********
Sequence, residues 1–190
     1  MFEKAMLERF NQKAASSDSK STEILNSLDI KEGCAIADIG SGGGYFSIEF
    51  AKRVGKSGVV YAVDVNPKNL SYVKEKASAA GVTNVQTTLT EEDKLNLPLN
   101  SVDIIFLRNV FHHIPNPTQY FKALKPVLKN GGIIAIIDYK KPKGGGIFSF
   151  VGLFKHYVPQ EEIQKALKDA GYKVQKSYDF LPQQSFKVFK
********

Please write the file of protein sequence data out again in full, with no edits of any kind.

Sequence, residues 1–190
     1  MFEKAMLERF NQKAASSDSK STEILNSLDI KEGCAIADIG SGGGYFSIEF
    51  AKRVGKSGVV YAVDVNPKNL SYVKEKASAA GVTNVQTTLT EEDKLNLPLN
   101  SVDIIFLRNV FHHIPNPTQY FKALKPVLKN GGIIAIIDYK KPKGGGIFSF
   151  VGLFKHYVPQ EEIQKALKDA GYKVQKSYDF LPQQSFKVFK